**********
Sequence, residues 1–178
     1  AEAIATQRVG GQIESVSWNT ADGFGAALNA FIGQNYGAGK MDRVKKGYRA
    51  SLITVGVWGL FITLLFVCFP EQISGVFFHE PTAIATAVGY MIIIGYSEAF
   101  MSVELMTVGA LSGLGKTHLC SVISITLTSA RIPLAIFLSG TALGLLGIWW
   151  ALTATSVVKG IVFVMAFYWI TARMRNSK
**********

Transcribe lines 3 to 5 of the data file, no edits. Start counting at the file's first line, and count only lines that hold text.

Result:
    51  SLITVGVWGL FITLLFVCFP EQISGVFFHE PTAIATAVGY MIIIGYSEAF
   101  MSVELMTVGA LSGLGKTHLC SVISITLTSA RIPLAIFLSG TALGLLGIWW
   151  ALTATSVVKG IVFVMAFYWI TARMRNSK